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Tuesday, 30 June 2015

Ordination fun with a child of one

This weekend the Different Duck household all went to watch the ordination of one of Drake's former colleagues as an Anglican Deacon. I am not religious, and knew next to nothing about the process so I was very interested to see what it would entail. Sadly I am still none the wiser, as I ended up on primary Duckling duty, the person being ordained being Drake's friend and not mine. Most of the two hour (TWO HOUR!) service was spent in the Cathedral's 'crèche' (essentially a side chapel with some carpet, a few toys and lots of bible stories) trying to prevent Duckling trashing the place. I learned a lot about child wrangling in those two hours, so thought I'd share some of my key tips for those facing the prospect of directing a rambunctious toddler through a solemn religious ceremony.
  1. When your other half says "Oh no, there won't be any room for a buggy, let's carry him there," don't meekly agree. Cathedrals are sodding massive; there'll be plenty of room and you won't then arrive sweating like a pig with bruised ribs and small footprints all over your Sunday best. What's more, you'll have somewhere to put your child to sleep at nap time.
  2. Don't even think about attending a major religious event if it runs over nap time.
  3. Don't sit next to the aisle or other area along which official minister types will pass. Cassocks, shiny golden staffs and interesting shaped hats are all very, very exciting for the under fives, and they will want to reach out and grab said items / join in the procession / point and shout "WOW" (Duckling) or "WHY DOES THAT LADY HAVE A BEARD?" (the little boy two rows behind us referring to a priest in his robes).
  4. In avoidance of main thoroughfares, by all means find an area where you can watch the service on a TV, but be prepared to explain, at length, why that TV can't be tuned to Ra Ra The Noisy Lion.
  5. If you are not religious, bring your own reading material. Duckling quickly became obsessed with a book called "And God Made Me!". My attempts to add an epilogue explaining the fundamentals of evolutionary theory did not meet with approving looks from the other (presumably more pious) parents in the crèche.
  6. Nor did Duckling's attempts to hook my breasts out of my top with cries of "Boobub Mama!!! BOOBUB!" Wear a polo neck if possible.
  7. Take everything you need into the crèche area (a.k.a the nuclear bunker) and STAY THERE. Don't be tempted to pop out with child to find up a tissue / locate your change bag / see Daddy ("DA DA DA DADDY! DadEEEEEEEeeeee!") / actually follow some of the service.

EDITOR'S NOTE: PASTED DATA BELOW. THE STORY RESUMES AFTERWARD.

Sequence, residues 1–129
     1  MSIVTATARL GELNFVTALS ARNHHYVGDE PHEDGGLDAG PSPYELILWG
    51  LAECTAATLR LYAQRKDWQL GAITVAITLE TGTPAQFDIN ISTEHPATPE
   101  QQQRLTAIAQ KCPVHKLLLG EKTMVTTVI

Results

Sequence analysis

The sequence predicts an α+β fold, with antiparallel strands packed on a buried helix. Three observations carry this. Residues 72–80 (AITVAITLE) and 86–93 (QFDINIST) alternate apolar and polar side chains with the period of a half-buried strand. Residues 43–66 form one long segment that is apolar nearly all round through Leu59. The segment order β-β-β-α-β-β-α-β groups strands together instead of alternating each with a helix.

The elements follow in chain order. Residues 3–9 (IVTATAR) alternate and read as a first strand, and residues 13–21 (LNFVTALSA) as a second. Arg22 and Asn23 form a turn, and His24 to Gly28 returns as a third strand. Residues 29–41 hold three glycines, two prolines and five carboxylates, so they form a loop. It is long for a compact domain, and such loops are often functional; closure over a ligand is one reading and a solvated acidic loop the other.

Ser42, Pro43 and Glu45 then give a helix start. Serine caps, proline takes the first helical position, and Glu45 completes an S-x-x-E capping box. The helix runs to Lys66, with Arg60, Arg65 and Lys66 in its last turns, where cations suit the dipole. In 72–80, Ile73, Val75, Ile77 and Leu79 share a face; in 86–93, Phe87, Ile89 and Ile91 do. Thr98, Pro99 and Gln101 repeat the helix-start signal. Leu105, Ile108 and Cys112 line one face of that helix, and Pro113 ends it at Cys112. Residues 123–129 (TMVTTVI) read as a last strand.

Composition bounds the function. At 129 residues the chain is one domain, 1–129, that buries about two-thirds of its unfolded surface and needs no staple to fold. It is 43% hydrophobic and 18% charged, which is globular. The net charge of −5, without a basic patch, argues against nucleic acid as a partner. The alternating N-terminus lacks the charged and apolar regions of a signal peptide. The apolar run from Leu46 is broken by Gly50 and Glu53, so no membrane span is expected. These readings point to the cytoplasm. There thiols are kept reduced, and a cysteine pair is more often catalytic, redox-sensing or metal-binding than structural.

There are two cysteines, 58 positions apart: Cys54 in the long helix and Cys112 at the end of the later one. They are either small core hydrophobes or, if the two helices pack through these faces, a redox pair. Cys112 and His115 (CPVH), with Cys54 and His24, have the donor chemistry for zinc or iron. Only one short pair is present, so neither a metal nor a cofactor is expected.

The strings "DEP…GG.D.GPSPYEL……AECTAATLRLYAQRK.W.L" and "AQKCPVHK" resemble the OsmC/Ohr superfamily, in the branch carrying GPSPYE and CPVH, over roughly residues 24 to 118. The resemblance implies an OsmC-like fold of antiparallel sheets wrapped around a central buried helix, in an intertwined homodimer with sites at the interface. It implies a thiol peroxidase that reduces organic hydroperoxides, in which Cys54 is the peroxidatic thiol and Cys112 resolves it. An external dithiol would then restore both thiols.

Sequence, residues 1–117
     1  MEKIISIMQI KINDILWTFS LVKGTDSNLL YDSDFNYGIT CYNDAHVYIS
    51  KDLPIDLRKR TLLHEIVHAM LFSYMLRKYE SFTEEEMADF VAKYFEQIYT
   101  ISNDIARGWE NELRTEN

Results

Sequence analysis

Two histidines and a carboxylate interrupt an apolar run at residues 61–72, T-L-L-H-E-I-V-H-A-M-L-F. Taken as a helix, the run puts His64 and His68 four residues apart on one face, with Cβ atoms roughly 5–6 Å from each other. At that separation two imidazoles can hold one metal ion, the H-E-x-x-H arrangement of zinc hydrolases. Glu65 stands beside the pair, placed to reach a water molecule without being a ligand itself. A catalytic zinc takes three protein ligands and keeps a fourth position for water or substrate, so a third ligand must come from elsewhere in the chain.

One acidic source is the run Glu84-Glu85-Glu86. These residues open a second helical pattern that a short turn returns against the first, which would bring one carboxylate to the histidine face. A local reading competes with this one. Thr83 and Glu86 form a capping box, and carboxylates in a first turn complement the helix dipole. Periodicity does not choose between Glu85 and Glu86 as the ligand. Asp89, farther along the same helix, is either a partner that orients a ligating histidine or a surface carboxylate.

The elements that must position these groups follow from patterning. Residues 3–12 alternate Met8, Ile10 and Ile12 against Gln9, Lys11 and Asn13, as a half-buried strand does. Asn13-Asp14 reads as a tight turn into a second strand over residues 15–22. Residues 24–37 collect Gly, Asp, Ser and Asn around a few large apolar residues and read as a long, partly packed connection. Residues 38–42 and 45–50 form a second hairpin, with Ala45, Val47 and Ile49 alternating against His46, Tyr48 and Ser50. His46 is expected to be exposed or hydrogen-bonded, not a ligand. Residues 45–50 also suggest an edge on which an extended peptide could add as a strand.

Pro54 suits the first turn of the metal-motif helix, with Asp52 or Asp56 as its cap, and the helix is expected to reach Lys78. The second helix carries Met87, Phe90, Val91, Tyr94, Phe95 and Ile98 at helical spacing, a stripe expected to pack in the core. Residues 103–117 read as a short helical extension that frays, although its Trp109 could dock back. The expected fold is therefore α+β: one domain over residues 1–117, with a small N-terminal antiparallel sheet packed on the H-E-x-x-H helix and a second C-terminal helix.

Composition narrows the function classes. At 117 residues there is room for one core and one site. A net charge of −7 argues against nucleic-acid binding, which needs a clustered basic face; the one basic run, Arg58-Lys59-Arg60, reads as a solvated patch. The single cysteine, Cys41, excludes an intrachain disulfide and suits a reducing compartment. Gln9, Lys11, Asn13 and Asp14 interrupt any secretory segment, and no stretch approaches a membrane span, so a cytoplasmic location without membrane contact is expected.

8. Don't give your child anything that will make a loud noise when dropped on a stone floor. Soft toys good. Metal fire engines and toy cars bad.
  9. Biscuits are your friend (thanks to Katie at Hurrah For Gin for opening my eyes on this one).
  10. Biscuits are not your friend when there is chocolate on them and very holy people wearing white about.
  11. If you are an atheist, pre-prepare your excuse for not taking Holy Communion. Do not get flustered and say to the priest "I'm so sorry, I'd love to, but I just need to go catch my little boy. I think he's done a poo."  Also, when someone shakes your hand and says "Peace be with you," the expected response is not, "Oh, thanks, I really wish it were today! Ha ha!"
  12. If you're going to lose it, don't do it five minutes before the actual blessing and ordination happen. You can pass the toddler over to your other half while you calm down, but will just have to take them back again so other half doesn't miss the primary thing he came to see. This will cause the toddler to get in a grump because Mummy doesn't wear glasses and is thus not as interesting as Daddy.
  13. However far your toddler pushes you, do not blaspheme. Cathedrals are echoey and everyone will hear you. And tut. Nobody will be fooled by your attempts to make your "For Christ's Sake!" sound like a genuine plea to Jesus either.
Hope this is helpful.  Peace be with you. Ahem.

3 comments:

  1. Love this! As useful as the tips are, I think what I have really learnt here is that neither myself nor my very young children would be able to behave appropriately at an important religious event, & should never attend one! I would definitely become flustered & reject Holy Communion in an inappropriate manner (&, to be honest, at least one of my girls probably WOULD poo!)

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    1. Umm, yes, that's pretty much the conclusion I came to as well. Hindsight is a wonderful thing!

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  2. In the week days kids are sent to play group, during vacations they are indulged in summer camps. They never become a part of holy event. And they don't know how to behave at holy places. Creches at such places let them busy with toys & stories they can tackle them easily that is very much hectic for the parents...

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